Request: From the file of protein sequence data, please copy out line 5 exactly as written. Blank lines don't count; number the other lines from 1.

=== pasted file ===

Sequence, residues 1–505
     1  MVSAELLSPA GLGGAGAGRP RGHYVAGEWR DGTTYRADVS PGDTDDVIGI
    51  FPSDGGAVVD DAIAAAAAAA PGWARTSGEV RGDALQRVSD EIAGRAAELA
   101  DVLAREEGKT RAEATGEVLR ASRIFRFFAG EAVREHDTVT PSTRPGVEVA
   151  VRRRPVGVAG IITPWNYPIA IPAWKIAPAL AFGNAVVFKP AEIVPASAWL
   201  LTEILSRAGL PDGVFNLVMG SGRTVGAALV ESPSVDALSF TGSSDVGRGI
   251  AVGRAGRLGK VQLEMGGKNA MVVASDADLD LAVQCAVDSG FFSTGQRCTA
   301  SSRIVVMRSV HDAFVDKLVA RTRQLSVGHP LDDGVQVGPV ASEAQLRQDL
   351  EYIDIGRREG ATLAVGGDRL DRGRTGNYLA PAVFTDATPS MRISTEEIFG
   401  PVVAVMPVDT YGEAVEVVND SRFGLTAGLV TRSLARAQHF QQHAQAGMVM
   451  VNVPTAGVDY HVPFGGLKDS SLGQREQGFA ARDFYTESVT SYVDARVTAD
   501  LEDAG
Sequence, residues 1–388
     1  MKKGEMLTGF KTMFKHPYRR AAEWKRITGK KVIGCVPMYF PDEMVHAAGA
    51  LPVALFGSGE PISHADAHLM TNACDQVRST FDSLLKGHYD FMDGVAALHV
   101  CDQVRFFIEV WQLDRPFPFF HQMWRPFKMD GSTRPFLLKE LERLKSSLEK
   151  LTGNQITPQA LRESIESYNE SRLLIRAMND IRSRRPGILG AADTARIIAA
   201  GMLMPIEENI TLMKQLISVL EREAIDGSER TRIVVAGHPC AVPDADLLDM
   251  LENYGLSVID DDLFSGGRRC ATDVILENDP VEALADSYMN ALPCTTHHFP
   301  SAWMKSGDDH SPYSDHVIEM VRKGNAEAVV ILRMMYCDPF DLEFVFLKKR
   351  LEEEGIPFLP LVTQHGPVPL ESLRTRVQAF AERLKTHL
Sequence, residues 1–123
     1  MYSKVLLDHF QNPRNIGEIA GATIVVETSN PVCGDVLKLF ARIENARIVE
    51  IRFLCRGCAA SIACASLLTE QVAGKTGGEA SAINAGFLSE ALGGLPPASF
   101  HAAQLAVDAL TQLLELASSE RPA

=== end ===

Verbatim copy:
   151  VRRRPVGVAG IITPWNYPIA IPAWKIAPAL AFGNAVVFKP AEIVPASAWL